Twitter tops social media for its ability to engage real time with over 310 million users daily. In fact, news now breaks on Twitter before it does on traditional news. You may remember this iconic tweet:
When Ellen DeGeneres took this selfie live during the Emmy Awards broadcast in 2015 and called on viewers to retweet her tweet, nearly a million did so in an hour. You may not see how that relates to your conference which attracts just a few hundred or a few thousand, but imagine how, if people who attend your event this year share their experiences on social media, it can increase your attendee numbers next year. Now I have your attention right?
To tap into this powerful marketing tool you must have a Twitter account to get started and make sure your profile reflects the following:
- Create a handle that is an acronym for the conference name
- Follow other Twitter accounts that are related to your industry or speakers at your event
- Choose a picture from the conference that depicts the experience for the header photo with the #hashtag for the event in the corner of the picture
- Upload a picture of the logo for the profile picture
- In the bio section be sure to provide a link to the website or shopping cart to register for the event
The next step is to create a hashtag (#) for your event. A good practice is to simply add the year in four numbers or just the last two digits, for example #Olympics2016 or #Olympics16. Place the hashtag on all your marketing materials and even create banners throughout the conference halls and meeting rooms. People who are using social media know when they see a hashtag what to do with it. Also, encourage speakers to have attendees post on their social pages about what they learn or experience during their sessions. While the use of hashtags originated on Twitter, many other social media platforms are also seeing huge engagement with their use: Google+, Instagram, and Snapchat.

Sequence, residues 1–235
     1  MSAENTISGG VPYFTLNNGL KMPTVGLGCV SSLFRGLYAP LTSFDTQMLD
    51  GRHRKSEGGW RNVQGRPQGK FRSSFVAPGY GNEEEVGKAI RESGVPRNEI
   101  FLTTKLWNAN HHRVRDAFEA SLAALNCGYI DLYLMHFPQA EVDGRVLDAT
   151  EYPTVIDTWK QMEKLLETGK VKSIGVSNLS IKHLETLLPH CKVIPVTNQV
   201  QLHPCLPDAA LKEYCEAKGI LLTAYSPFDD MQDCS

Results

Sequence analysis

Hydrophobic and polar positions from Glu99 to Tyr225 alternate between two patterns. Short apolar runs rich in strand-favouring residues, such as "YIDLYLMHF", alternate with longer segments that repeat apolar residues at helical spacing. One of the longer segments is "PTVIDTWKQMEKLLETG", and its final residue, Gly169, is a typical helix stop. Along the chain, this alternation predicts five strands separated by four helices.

To see which social media sites where your hashtags are being used, check out tagboard.com. Here are some tools that can help you project a digital wall of live posts from multiple social media platforms live during the event to spark engagement:
I attend Social Media Marketing World Conference (#SMMW) held every spring in San Diego, California. It draws thousands of attendees and has trended on Twitter every year for all 3 days of the event. To get an idea of the impact, log on to Twitter and search on these hashtags: #smmw13, 14, 15 or 16. Thousands of posts from attendees before, during and after the event help keep it top of mind all year long .
Another way to spark conversations and to attract look-alike audiences for your events is to use Twitter’s new Events feature. This feature allows targeting of conversations about your event, provides you opportunities to set-up specific audiences, and add your event to the Events calendar to track what people are saying about their conference experience. Primarily, there are three elements of this feature that can boost engagement for your event:
- Event Calendar Lists major global events, tentpole events related to sports, holidays, festivals, TV, music and politics.
- Event Insights This provides a breakdown of audience reach, device usage, gender demographics and tweet engagement statistics for your or other conferences in your industry. Other insights that could be very helpful in planning the event or designing content.
- Event Activation Allows you to add an event to the calendar and design targeted ads to market your event to a custom designed audience.
Here is a great visual checklist to help you implement the use of a Twitter Ad:
In the example below the upcoming IAA 2016 conference lists an audience size of 3.4-million that could see posts on or about your event. For more information on how to use the events feature, here is a link.
Twitter Lists is also a great way to help people connect with other attendees who have similar interests or roles within an industry. It is also a great way for attendees to engage with speakers. Many speakers tweet out messages or ask for content ideas for sessions. When you create a list and then add someone to the list they are sent a tweet and that makes them feel like they’ve been added to a members-only club – so cool!
Create polls to gauge attendee experience in real time. Create a little gamification by offering giveaways for their participation. Tweetarchivist.com is a tool that helps you track hashtags and even generates a leaderboard of who is tweeting the most during the conference.
Lastly, pre-plan your tweets in advance of the event using tools like Hootsuite or Buffer to share session updates (room changes, for example), spark conversations (post an end-of-the-day question, “What was your favorite session of the day?” or facilitate meet-ups by asking “Where are you going for dinner?”
Using these tips will definitely help you “Rock” your next event!
Share your successes with me and other event professionals in the comments.
Sherry Hayes-Peirce is an internationally known speaker and blogger on social media topics. She is founder of CEO Communication Consultants Inc., and its subsidiary companies Social Media Mobile Maven and Church Social Tips. She is a guest lecturer through UCI Extension.